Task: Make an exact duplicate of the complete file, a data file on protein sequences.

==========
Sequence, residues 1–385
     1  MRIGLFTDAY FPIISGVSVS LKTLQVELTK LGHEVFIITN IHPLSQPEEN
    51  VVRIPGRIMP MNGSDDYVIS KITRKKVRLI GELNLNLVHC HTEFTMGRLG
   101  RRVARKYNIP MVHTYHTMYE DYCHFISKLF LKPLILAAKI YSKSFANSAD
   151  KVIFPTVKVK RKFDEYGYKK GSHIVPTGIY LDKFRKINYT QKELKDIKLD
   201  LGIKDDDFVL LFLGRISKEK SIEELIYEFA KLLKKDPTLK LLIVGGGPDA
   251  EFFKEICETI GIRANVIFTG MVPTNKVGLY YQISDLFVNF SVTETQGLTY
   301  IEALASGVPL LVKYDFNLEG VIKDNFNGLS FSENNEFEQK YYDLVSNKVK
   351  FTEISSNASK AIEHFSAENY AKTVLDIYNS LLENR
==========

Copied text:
Sequence, residues 1–385
     1  MRIGLFTDAY FPIISGVSVS LKTLQVELTK LGHEVFIITN IHPLSQPEEN
    51  VVRIPGRIMP MNGSDDYVIS KITRKKVRLI GELNLNLVHC HTEFTMGRLG
   101  RRVARKYNIP MVHTYHTMYE DYCHFISKLF LKPLILAAKI YSKSFANSAD
   151  KVIFPTVKVK RKFDEYGYKK GSHIVPTGIY LDKFRKINYT QKELKDIKLD
   201  LGIKDDDFVL LFLGRISKEK SIEELIYEFA KLLKKDPTLK LLIVGGGPDA
   251  EFFKEICETI GIRANVIFTG MVPTNKVGLY YQISDLFVNF SVTETQGLTY
   301  IEALASGVPL LVKYDFNLEG VIKDNFNGLS FSENNEFEQK YYDLVSNKVK
   351  FTEISSNASK AIEHFSAENY AKTVLDIYNS LLENR